John Pell

From Academic Kids

John Pell (March 1, 1610 - December 12, 1685), was an English mathematician.

He was born at Southwick in Sussex, where his father was minister. He was educated at Steyning, and entered Trinity College, Cambridge, at the age of thirteen. During his university career he became an accomplished linguist, and even before he took his M.A. degree (in 1630) corresponded with Henry Briggs and other mathematicians. His great reputation and the influence of Sir William Boswell, the English resident, with the states-general procured his election in 1643 to the chair of mathematics in Amsterdam, whence be removed in 1646, on the invitation of Frederick Henry, Prince of Orange, to Breda, where he remained till 1652.

From 1654 to 1658 Pell acted as Oliver Cromwell's political agent to the Protestant cantons of Switzerland. On his return to England he took orders and was appointed by King Charles II of England to the rectory of Fobbing in Essex. In 1673 he was presented by Bishop Gilbert Sheldon to the rectory of Laindon in the same county.

His devotion to mathematical science seems to have interfered with his advancement in the Church and with his private life. For a time he was confined as a debtor in the kings bench prison. He lived, on the invitation of Dr Whistler, for a short time in 1682 at the College of Physicians, but died at the house of Mr Cothorne, reader of the church of St Giles-in-the Fields. Many of Pell's manuscripts fell into the hands of Richard Busby, master of Westminster School, and afterwards came into the possession of the Royal Society; they are still preserved in something like forty folio volumes, which contain, not only Pell's own memoirs, but much of his correspondence with the mathematicians of his time.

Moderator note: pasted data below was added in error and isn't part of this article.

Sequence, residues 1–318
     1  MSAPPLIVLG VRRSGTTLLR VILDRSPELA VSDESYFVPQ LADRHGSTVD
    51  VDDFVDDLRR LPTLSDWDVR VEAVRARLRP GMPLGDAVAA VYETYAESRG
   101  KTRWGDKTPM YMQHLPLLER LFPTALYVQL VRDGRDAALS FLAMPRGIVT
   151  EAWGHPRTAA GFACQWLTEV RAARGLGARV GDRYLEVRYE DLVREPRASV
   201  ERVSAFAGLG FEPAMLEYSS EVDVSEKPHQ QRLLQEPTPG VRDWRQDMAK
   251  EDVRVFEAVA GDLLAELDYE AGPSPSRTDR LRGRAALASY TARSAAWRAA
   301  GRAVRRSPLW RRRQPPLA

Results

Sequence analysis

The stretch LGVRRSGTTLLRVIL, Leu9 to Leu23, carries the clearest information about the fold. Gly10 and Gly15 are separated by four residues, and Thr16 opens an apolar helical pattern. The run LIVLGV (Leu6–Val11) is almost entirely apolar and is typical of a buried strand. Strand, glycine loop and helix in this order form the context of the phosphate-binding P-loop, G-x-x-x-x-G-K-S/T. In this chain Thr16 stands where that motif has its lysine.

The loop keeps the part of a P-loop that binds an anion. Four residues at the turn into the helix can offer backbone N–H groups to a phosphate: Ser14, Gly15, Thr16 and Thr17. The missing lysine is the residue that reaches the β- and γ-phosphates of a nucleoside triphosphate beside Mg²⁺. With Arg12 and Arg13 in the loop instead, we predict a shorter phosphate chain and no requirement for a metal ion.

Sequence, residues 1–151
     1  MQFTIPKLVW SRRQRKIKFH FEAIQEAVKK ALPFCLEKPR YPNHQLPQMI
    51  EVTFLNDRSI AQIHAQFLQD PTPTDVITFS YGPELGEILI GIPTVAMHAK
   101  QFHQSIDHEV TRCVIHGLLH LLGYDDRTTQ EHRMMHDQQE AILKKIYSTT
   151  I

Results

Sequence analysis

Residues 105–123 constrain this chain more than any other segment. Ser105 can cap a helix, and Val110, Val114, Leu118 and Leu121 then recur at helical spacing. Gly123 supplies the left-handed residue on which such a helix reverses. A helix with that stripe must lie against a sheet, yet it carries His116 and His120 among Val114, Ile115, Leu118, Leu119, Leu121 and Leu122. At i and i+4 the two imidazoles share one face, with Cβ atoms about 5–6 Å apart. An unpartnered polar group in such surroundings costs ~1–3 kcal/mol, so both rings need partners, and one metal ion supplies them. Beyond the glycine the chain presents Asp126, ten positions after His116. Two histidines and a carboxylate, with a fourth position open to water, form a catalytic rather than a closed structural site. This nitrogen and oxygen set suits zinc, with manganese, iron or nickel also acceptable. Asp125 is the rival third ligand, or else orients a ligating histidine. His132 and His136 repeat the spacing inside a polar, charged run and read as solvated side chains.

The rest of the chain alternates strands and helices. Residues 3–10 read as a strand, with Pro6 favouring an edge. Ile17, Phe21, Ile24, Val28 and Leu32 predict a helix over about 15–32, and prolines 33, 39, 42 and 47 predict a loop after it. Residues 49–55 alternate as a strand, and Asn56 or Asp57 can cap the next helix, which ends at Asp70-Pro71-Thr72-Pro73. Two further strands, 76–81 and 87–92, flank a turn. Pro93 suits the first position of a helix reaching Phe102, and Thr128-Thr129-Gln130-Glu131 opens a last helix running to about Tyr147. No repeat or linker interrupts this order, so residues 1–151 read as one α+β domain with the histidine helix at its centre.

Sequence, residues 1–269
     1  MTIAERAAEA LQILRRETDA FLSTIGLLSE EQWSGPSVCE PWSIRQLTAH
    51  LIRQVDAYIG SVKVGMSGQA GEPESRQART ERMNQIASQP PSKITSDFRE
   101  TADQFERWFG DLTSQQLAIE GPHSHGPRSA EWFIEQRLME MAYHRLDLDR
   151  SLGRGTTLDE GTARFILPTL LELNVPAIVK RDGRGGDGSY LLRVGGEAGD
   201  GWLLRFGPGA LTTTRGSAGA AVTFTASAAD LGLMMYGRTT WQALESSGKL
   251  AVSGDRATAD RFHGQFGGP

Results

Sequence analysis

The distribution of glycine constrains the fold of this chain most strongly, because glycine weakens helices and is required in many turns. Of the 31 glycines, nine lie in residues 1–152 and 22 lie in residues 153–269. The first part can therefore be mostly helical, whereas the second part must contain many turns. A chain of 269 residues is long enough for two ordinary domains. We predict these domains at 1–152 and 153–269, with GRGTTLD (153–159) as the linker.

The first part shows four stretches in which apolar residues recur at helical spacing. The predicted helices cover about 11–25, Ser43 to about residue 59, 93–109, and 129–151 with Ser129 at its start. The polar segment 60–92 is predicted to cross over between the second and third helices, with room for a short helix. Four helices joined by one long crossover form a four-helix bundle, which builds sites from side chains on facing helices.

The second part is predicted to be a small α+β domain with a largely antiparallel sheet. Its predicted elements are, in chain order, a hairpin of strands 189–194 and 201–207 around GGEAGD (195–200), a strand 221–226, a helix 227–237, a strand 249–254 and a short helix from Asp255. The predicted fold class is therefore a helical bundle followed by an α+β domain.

The Diophantine equation was a favorite subject with Pell; he lectured on it at Amsterdam; and he is now best remembered for the indeterminate equation <math>ax^2+1=y^2<math>, which is known as the Pell equation or Pell's equation. This problem was proposed by Pierre de Fermat first to Bernhard Frenicle de Bessy, and in 1657 to all mathematicians. Pell's connection with the problem simply consists of the publication of the solutions of John Wallis and Lord Brounker in his edition of Breaker's Translation of Rizonius's Algebra (1668).

His chief works are:

  • Astronomical History of Observations of Heavenly Motions and Appearances (1634)
  • Ecliptica prognostica (1634)
  • Controversy with Longomontanus concerning the Quadrature of the Circle (1646?)
  • An Idea of the Mathematics, I2iflO (1650)
  • A Table of Ten Thousand Square Numbers (fol.; 1672).


  • The most recent study of Pell is by Noel Malcolm and Jacqueline Stedall, John Pell (1611-1685) and His Correspondence with Sir Charles Cavendish: The Mental World of an Early Modern Mathematician (Oxford: Oxford University Press, 2005). ISBN 0-19-856484-8

External Links

fr:John Pell


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